“When child care eats up families’ budgets, and more and more families don’t make enough to afford it – and even child care workers don’t make enough to care for their own families – we have a broken system,” Brown said. “We have to both help families and child care providers get through this pandemic and we have to build something better on the other side. We can’t go back to ‘business as usual’ when that wasn’t working for a whole lot of people. This legislation would provide important long-term support funding to child care infrastructure and build upon ongoing efforts to improve access, quality, and affordability of child care for American families.”

The Rebuilding a Better Child Care Infrastructure Act would address the current child care gap by providing new federal funding so that states, tribes and territories have the resources necessary to reconstruct a child care infrastructure that better serves all families.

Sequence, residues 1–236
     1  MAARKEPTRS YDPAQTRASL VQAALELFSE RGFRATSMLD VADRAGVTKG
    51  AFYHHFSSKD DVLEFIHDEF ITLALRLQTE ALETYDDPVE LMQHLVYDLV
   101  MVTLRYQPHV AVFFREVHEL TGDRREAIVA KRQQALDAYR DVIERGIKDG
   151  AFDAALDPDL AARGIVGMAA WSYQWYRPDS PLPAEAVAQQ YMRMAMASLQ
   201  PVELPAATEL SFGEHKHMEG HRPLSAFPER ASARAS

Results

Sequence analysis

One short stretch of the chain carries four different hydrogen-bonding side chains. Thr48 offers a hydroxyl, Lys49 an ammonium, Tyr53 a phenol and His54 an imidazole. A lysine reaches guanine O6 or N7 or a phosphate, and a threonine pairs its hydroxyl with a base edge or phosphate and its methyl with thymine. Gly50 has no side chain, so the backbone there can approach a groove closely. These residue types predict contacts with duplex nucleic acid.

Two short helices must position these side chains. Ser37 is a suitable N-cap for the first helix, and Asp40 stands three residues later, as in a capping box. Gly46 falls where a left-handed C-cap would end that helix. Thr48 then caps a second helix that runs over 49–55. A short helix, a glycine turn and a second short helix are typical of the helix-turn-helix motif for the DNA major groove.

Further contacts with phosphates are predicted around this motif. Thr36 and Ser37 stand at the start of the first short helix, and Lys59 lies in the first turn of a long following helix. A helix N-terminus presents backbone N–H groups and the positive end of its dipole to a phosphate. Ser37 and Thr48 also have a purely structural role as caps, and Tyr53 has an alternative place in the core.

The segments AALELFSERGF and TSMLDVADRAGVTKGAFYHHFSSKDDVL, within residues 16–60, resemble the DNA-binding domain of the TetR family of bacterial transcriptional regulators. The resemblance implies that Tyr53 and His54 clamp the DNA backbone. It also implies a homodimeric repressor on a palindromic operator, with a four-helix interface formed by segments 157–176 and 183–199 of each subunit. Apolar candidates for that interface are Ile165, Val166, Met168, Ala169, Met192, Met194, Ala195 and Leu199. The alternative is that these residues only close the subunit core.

The legislation would:

·               Expand Mandatory Child Care Funding: appropriates an additional $3 billion to the Child Care Entitlement to States (CCES) for fiscal years 2021 through 2025, doubling the current yearly amount of funding.

·               Create Pandemic Child Care Assistance Grants: appropriates $10 billion in additional funding to the CCES for fiscal year 2021 to address child care needs exacerbated by the COVID-19 pandemic.

·               Provide Grants to Improve Child Care Supply, Quality and Affordability: appropriates $15 billion in funding to the CCES for fiscal year 2022 to improve the child care supply, quality and affordability in areas where there are little to no options for affordable child care nearby.